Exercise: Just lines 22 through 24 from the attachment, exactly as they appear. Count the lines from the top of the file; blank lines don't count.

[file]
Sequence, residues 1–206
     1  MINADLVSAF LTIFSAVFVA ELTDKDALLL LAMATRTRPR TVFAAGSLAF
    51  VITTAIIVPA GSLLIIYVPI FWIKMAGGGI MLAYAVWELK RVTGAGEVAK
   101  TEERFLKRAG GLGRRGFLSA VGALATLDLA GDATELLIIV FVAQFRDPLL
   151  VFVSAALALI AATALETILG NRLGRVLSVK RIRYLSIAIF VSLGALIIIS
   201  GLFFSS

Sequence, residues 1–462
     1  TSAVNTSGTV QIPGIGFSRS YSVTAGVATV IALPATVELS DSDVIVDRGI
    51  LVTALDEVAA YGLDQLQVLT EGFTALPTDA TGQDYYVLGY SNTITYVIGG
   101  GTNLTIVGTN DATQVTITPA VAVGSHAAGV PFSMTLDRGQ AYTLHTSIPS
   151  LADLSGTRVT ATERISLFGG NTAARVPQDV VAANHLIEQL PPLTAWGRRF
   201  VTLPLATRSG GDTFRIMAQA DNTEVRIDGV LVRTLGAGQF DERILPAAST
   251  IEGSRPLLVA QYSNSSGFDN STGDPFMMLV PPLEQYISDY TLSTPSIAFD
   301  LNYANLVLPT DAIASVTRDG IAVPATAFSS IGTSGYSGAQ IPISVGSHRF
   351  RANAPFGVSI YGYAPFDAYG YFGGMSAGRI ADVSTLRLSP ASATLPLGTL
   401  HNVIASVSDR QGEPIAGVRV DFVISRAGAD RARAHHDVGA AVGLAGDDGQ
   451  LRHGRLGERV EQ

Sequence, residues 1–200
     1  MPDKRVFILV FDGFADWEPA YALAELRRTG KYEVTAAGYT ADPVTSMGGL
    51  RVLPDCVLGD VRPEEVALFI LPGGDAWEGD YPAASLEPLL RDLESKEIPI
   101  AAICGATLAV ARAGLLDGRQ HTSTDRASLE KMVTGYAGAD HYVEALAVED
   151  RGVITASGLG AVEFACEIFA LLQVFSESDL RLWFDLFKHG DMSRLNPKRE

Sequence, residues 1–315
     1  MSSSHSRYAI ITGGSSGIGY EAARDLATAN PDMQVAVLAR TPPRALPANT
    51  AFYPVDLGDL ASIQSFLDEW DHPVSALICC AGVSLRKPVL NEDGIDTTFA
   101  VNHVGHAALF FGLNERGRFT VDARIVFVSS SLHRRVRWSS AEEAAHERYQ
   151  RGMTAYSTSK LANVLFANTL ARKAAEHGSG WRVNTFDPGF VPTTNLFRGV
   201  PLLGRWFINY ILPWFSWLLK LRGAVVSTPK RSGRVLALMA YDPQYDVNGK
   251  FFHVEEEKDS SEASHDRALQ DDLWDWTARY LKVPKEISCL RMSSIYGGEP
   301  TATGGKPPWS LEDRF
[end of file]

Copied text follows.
   151  RGVITASGLG AVEFACEIFA LLQVFSESDL RLWFDLFKHG DMSRLNPKRE

Sequence, residues 1–315
     1  MSSSHSRYAI ITGGSSGIGY EAARDLATAN PDMQVAVLAR TPPRALPANT